Developer

10 app tests that belong in your QA playbook

From security checkout to code standardization to business process flow, QA tests are essential to ensure quality performance and an optimum user experience.

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Often overlooked in IT departments, QA plays a critical role in getting applications ready for production. At a minimum, QA must check out each application at its "unit" level to ensure that all of its logic works correctly. For online apps, QA makes sure that the data fields are properly filled in and data retrievals and stores to databases execute as intended. However, there is a lot more involved in a thorough QA checkout of an application than a simple unit test—and it often involves QA experts at both the technical programming level and the end-user/business level. To guarantee the quality of performance users are looking for, here are 10 tests that QA should always put apps through before letting them go live.

1: Regression testing

If you're dealing with an existing app that's being modified and placed back into production, QA should perform a regression test to ensure that new content that has been introduced into the app continues to work with the other system resources the app uses. A good example is a data field that suddenly changes in the app—only the same field has not been changed in the database that the app accesses. Consequently, when database access is attempted, the app fails. A QA test that backwardly checks for compatibility will identify problems like this.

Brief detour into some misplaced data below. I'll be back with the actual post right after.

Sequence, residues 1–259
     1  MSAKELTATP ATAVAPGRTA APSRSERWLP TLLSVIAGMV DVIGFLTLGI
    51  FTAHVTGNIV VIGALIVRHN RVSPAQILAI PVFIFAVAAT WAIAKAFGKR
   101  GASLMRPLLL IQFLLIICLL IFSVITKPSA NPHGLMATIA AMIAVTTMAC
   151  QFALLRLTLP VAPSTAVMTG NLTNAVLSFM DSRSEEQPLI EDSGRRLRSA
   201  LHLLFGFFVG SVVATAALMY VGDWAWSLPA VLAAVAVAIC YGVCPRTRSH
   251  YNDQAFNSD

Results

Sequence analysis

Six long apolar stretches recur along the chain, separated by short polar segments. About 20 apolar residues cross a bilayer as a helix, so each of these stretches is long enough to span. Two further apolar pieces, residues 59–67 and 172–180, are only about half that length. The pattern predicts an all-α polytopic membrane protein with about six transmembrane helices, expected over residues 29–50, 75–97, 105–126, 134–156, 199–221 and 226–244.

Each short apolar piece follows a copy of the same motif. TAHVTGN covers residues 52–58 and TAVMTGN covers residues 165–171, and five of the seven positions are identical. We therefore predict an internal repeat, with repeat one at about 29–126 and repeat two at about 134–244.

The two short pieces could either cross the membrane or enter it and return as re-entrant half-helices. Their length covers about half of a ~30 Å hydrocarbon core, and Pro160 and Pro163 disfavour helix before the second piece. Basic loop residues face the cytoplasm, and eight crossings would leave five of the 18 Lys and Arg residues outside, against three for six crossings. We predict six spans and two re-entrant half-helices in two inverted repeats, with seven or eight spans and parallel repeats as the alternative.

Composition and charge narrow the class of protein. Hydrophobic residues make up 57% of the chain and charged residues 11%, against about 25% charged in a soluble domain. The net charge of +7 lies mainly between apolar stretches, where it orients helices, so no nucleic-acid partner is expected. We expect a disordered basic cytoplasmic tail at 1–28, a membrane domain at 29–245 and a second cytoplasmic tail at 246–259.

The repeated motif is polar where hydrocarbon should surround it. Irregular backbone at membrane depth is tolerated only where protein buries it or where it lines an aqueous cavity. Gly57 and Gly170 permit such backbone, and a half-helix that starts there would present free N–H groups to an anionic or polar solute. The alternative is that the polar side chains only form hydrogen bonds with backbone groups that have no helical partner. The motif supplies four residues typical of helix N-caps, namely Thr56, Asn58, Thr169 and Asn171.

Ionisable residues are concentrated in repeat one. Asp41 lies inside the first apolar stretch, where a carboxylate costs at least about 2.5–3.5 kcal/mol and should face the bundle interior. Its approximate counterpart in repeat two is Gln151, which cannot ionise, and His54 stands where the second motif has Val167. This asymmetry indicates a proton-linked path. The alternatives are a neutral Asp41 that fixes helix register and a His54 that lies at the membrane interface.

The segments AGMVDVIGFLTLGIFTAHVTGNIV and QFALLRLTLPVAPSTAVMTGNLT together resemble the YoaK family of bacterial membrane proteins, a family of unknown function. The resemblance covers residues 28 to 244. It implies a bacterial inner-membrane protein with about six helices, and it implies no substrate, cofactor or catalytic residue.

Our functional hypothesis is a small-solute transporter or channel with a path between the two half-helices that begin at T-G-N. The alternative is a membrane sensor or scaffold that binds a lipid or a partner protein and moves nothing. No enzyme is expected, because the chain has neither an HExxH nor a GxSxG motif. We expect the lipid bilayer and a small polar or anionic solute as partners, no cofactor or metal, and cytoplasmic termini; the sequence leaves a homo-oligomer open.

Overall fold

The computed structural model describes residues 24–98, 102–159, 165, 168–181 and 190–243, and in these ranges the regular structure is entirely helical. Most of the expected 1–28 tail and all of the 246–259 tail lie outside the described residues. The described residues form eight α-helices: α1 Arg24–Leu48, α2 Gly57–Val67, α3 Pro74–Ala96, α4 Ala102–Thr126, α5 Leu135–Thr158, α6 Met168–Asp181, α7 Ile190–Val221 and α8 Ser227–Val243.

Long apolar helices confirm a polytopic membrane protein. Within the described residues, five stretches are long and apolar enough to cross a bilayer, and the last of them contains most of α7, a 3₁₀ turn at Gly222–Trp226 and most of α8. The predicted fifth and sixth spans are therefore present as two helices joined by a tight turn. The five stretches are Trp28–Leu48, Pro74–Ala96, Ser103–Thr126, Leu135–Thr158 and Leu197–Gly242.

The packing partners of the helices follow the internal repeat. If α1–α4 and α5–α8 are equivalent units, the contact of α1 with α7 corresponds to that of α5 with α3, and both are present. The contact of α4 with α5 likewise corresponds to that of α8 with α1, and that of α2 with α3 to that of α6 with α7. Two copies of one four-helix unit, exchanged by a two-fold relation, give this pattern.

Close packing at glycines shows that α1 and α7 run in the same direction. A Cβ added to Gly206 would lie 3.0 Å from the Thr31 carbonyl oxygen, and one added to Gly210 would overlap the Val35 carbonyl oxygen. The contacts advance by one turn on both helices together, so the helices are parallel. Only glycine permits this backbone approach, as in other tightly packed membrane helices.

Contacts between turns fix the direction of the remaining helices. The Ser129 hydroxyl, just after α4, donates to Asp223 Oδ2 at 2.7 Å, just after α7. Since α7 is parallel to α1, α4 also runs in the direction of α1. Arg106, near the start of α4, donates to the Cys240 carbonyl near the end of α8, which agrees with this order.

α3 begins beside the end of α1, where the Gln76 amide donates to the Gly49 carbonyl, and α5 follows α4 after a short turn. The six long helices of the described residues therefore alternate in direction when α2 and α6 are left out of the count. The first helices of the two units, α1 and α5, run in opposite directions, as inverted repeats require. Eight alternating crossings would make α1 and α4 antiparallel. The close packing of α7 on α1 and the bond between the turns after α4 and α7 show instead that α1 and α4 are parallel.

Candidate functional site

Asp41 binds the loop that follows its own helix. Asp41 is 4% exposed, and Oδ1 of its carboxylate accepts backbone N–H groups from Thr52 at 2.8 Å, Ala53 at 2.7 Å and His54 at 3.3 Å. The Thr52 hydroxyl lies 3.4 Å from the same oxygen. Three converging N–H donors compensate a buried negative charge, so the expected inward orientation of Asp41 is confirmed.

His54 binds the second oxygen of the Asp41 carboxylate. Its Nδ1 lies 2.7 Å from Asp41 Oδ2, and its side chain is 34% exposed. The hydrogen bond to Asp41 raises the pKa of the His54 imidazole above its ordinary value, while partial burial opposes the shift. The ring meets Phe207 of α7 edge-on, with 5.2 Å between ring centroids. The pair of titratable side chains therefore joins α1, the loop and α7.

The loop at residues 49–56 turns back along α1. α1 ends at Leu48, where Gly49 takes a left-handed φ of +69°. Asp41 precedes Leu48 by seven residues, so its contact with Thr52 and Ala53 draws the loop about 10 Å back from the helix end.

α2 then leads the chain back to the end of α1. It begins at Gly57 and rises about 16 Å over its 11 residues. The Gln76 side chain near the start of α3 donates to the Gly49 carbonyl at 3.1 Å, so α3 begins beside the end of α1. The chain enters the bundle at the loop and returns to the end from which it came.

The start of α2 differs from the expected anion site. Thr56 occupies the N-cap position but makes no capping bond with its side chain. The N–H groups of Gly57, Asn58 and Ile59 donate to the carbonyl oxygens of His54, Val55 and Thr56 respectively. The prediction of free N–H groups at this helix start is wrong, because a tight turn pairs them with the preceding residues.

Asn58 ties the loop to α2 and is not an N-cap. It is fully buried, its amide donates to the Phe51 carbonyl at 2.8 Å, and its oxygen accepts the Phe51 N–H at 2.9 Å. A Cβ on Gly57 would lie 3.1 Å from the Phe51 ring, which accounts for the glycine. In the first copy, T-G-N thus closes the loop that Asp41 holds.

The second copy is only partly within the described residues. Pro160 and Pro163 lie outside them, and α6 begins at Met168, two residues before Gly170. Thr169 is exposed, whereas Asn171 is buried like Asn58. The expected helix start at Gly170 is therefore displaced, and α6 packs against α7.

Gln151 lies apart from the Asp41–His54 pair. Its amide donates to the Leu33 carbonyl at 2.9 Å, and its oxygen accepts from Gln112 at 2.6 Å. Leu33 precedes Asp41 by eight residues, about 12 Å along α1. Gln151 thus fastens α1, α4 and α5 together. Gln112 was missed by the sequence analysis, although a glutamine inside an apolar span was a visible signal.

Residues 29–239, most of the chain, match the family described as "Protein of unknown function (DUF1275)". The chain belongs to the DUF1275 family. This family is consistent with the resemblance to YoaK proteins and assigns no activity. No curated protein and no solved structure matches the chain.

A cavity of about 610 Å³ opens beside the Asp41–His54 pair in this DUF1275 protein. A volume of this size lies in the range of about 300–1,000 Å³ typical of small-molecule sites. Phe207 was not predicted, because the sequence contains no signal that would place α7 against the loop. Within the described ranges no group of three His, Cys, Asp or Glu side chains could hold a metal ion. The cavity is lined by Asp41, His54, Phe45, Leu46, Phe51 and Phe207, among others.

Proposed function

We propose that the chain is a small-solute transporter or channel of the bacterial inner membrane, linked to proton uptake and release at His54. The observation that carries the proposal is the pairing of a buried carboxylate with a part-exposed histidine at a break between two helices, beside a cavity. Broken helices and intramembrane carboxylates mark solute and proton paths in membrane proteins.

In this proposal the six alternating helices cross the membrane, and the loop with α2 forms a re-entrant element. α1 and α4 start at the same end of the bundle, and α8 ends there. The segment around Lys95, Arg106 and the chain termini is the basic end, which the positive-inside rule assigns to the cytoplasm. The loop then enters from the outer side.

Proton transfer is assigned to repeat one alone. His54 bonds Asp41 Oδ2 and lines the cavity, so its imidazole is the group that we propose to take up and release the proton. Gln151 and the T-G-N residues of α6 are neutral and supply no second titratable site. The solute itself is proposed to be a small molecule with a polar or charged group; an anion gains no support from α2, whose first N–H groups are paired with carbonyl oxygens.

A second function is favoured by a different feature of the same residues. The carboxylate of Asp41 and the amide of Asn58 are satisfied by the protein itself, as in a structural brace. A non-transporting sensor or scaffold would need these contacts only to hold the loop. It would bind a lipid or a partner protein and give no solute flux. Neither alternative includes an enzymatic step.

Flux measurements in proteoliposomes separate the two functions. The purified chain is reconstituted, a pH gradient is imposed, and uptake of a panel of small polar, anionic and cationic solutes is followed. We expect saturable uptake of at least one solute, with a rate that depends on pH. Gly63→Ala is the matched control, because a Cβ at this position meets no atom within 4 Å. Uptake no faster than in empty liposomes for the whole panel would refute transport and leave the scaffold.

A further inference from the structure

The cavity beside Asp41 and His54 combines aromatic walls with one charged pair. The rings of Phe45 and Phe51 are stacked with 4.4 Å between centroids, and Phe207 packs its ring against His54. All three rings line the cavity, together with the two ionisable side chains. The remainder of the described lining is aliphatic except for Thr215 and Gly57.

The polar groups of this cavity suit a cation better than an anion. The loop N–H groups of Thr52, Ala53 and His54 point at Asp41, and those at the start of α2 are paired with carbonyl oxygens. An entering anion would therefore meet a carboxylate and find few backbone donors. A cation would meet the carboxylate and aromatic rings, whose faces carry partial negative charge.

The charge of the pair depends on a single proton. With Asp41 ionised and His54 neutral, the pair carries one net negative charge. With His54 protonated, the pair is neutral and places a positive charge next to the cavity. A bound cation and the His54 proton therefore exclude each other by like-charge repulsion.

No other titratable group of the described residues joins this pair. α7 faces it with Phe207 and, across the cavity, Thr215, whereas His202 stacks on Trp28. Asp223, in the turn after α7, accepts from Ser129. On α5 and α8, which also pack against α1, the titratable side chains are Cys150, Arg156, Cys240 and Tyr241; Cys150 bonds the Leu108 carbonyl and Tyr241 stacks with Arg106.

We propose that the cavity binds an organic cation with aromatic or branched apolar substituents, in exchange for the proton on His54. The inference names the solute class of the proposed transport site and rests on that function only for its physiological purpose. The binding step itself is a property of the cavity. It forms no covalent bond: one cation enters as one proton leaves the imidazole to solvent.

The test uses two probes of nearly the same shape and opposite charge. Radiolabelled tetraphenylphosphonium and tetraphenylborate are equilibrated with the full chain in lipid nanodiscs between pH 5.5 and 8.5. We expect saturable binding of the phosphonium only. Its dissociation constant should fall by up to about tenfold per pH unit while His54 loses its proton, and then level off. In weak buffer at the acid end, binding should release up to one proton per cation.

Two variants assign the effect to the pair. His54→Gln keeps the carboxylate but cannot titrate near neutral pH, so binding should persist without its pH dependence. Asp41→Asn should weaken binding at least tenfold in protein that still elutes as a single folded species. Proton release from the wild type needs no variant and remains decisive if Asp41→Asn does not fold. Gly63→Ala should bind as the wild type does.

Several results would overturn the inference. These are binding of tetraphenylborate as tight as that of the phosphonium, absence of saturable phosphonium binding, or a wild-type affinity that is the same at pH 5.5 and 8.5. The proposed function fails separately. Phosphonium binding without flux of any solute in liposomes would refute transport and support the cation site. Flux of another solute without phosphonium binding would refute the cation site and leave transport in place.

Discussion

2: Stress testing

An app that must handle thousands of transactions per second coming from anywhere in the world and at anytime should be put through the stress of "maximum" transaction loads that emulate what the app will have to support in production so QA can verify that the app can handle the load. If the app runs over the internet, the boundaries of the stress test should also extend to internet nodes around the world from which transactions could be executed. Sometimes internet bandwidth or service in different geo areas is constricted. When an app fails a stress test, it could mean that more processing or storage must be allocated for the app—or that alternate internet channels must be opened up to achieve the level of bandwidth and service required to support a particular geographic area. By working with network specialists and app developers in stress test scenarios, QA can identify these potential choke points so that they can be addressed before an app is deployed.

3: Security checkout/stress test

Fundamental user ID/password checkout is routinely performed by QA departments, but checking for backdoor vulnerabilities isn't. Especially if the app is a highly sensitive one, QA should collaborate with network and security specialists to do as much security bulletproofing in checkout as possible.

4: User friendliness/user test